FDA-Like Regulatory System Would Cost Europe $23 Billion

Qmed Staff

September 17, 2013

2 Min Read
FDA-Like Regulatory System Would Cost Europe $23 Billion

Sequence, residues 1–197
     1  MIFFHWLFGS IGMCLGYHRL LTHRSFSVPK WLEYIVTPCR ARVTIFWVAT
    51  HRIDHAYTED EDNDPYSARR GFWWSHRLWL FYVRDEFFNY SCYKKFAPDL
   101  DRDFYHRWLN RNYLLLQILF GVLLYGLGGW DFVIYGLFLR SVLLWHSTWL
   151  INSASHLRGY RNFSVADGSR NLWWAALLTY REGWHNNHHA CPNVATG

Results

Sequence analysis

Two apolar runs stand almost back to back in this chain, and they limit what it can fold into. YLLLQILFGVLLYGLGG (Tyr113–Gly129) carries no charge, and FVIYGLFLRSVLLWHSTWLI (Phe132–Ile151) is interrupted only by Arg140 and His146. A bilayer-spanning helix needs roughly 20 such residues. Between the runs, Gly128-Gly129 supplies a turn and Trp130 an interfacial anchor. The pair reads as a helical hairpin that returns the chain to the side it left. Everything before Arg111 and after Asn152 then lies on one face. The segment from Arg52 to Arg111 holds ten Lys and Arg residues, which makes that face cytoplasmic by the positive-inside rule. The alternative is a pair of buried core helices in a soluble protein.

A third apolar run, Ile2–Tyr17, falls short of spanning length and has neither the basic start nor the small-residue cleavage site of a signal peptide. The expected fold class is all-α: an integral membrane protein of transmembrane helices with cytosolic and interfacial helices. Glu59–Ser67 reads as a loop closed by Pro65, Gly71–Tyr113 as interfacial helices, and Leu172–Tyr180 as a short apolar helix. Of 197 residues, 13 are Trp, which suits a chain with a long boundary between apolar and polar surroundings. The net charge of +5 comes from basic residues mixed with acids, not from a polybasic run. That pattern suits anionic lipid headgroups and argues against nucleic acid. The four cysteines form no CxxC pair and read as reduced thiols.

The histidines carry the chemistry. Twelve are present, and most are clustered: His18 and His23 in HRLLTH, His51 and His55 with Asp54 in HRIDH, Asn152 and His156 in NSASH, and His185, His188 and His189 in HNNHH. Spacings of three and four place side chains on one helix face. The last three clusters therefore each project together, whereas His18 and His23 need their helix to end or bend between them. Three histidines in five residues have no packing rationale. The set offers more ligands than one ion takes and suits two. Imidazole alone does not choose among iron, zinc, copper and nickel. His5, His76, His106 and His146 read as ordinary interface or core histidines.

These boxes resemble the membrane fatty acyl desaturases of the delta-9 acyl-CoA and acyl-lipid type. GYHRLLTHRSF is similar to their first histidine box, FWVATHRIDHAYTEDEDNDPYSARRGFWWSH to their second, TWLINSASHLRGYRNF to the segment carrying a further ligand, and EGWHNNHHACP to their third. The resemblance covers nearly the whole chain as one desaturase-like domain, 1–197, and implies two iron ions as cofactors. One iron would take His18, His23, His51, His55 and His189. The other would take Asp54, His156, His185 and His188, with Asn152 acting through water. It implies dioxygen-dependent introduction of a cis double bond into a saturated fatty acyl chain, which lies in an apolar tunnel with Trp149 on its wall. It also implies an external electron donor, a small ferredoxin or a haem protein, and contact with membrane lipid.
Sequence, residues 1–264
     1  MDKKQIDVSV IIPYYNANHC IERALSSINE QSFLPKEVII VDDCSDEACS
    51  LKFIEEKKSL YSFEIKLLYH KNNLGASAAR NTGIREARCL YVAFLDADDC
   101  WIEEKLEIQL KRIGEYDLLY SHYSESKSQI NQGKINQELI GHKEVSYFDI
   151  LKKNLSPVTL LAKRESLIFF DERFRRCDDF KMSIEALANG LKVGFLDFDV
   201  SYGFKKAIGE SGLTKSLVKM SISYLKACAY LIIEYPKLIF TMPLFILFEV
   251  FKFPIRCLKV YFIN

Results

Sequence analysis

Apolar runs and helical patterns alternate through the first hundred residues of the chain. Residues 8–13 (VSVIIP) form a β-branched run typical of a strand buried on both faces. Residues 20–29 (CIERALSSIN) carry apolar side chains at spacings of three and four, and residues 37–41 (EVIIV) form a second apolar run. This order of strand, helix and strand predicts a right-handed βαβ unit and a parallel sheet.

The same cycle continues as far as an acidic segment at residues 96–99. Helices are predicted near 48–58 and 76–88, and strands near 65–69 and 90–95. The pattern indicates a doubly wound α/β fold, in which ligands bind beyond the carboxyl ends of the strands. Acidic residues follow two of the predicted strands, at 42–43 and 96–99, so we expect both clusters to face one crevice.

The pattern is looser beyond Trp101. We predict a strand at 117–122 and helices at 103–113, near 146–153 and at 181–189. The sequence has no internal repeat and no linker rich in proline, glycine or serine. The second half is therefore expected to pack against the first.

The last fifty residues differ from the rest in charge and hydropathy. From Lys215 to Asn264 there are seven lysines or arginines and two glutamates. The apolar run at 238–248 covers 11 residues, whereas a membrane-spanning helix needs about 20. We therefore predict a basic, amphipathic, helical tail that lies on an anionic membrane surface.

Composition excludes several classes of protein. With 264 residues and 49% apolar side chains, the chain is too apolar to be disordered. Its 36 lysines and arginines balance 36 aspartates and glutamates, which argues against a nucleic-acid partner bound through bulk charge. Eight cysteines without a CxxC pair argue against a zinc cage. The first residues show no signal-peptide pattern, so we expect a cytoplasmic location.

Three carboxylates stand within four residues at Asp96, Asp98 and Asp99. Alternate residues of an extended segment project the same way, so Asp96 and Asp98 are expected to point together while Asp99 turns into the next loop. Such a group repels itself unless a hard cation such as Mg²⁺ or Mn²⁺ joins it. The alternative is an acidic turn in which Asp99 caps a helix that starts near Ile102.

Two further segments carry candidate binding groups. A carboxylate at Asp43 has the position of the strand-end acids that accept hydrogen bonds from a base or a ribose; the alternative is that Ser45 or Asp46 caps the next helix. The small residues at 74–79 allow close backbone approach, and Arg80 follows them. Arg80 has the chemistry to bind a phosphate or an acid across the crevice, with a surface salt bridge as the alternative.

In a recent Eucomed survey, medical device manufacturers in Europe estimated that a rigorous, FDA-like premarket authorization (PMA) system form medical devices would cost more than $23 billion. A significant proportion of the cost would be the result of implementing a unique device identification system and improving labeling and clinical performance data. While passing muster with FDA PMA requirements can be a daunting and expensive challenge for many medtech manufacturers, the FDA regulatory system is world-renowned for its high standards and ability to protect patients. Manufacturers and investors have criticized the system as being overly burdensome. In comparison, the existing European CE Mark system poses fewer regulatory hurdles for manufacturers, allowing a product to be brought to European shores for a lower cost. As a result, in many cases, medical device companies pursue European regulatory approval before U.S. approval. Once a medical device has been vetted in European markets, many manufacturers begin to focus getting the products through the FDA to gain access to one of the largest markets in the world. The EU CE Mark system is widely viewed by industry to be an efficient means of ensuring safety and efficacy of products, the European regulatory pathway has been the subject of criticism for its leniency. Following a massive scandal involving substandard breast implants manufactured by PIP, a French company, many are questioning the safety and efficacy of the CE Mark system. However, implementing a new system could place a significant burden on small businesses."It is crystal clear that our industry is willing and committed to invest in measures that effectively improve the system to ensure patient safety. These measures include for example the introduction of a unique device identification system and improvements in labeling and clinical performance data, which will require a EUR7.5 billion [$10 billion] investment," noted Serge Bernasconi, CEO of Eucomed.

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